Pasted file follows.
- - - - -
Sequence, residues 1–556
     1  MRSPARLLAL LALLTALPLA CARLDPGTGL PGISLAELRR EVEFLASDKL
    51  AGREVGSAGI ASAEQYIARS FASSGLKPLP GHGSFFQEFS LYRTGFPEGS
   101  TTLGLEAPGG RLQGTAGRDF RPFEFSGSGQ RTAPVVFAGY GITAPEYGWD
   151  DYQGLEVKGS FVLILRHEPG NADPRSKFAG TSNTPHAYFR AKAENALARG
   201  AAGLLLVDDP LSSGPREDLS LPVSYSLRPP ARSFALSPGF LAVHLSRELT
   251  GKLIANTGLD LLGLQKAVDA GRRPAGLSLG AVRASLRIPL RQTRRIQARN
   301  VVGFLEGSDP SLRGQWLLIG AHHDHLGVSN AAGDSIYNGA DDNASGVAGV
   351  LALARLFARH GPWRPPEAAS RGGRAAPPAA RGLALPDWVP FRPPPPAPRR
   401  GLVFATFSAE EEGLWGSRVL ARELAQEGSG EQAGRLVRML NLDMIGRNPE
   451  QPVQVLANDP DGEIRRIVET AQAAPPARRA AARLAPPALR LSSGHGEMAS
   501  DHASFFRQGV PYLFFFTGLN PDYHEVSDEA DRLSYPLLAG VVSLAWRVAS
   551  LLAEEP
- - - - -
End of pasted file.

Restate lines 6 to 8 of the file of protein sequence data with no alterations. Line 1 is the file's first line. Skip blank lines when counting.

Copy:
   201  AAGLLLVDDP LSSGPREDLS LPVSYSLRPP ARSFALSPGF LAVHLSRELT
   251  GKLIANTGLD LLGLQKAVDA GRRPAGLSLG AVRASLRIPL RQTRRIQARN
   301  VVGFLEGSDP SLRGQWLLIG AHHDHLGVSN AAGDSIYNGA DDNASGVAGV